Once hurricane winds enter a property, the likelihood of severe structural damage rises dramatically. Residents of hurricane-prone regions might consider installing permanent aluminum or steel storm shutters. If such a project isn't in the budget, make temporary covers for your doors and windows out of five-eighths-of-an-inch exterior grade or marine plywood. That way, you can install your temporary shutters quickly and easily when meteorologists predict a hurricane.
When was the last time you had your roof inspected? If you're unsure, it might be time to call a contractor to ensure that your roof is sturdy enough to withstand hurricane winds.
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If you eventually have to file an insurance claim for hurricane damage, you'll need a detailed inventory of everything you own. The easiest way to prepare this quickly is through photos. Walk through your house and snap a photo of everything you can think of—that way, you won't have to rack your brains trying to remember how many books you had on that bookshelf later on.
Those 74- to 157-mph winds can lift patio furniture, garbage cans, and bicycles like they weigh nothing. Bring anything you can indoors so it doesn't become a flying projectile during a hurricane.
What about other objects that are too heavy to lift? Anything you can't bring inside by yourself should be permanently attached to the ground in your backyard if you have one. Use heavy chains to attach grills, swing sets, and other large objects to the ground.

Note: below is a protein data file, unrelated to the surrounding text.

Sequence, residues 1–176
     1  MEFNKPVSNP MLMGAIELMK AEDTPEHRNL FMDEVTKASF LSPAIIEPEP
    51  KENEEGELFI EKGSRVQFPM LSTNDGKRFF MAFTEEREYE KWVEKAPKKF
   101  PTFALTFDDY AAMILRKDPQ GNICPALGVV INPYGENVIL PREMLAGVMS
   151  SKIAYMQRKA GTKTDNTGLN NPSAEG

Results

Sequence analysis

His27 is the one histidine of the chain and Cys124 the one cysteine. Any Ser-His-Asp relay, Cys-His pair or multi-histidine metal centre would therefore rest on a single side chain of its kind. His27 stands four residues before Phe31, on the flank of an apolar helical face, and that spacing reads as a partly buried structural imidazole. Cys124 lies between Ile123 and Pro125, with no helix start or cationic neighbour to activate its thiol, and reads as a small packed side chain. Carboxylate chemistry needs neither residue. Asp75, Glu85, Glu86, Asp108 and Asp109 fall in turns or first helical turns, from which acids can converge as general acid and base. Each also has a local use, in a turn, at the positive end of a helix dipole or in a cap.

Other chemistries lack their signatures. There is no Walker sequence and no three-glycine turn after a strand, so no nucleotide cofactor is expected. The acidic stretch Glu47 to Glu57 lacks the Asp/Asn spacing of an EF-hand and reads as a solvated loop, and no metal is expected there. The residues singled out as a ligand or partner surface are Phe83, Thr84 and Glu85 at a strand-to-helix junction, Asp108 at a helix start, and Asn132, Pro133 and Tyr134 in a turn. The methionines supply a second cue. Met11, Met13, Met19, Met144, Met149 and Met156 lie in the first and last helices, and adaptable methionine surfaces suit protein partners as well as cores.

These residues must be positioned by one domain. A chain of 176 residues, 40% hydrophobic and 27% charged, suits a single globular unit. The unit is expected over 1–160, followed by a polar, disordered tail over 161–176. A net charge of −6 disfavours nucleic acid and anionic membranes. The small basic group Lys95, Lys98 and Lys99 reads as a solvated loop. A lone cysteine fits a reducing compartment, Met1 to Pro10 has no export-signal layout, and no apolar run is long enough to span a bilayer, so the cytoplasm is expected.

As soon as you hear of an approaching hurricane, set your fridge and freezer to the coldest setting. Chilling your food as much as possible will help it last longer in the event of a power outage.
If your home floods, large area rugs will soak up stormwater like a sponge. Roll them up and set them upright to keep them dry.
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Before you turn off your water supply, fill bathtubs, sinks, and even buckets with clean water that you can use for flushing the toilet, bathing, and cleaning. You might not need this water, but it could prove useful if your water supply is off for several days.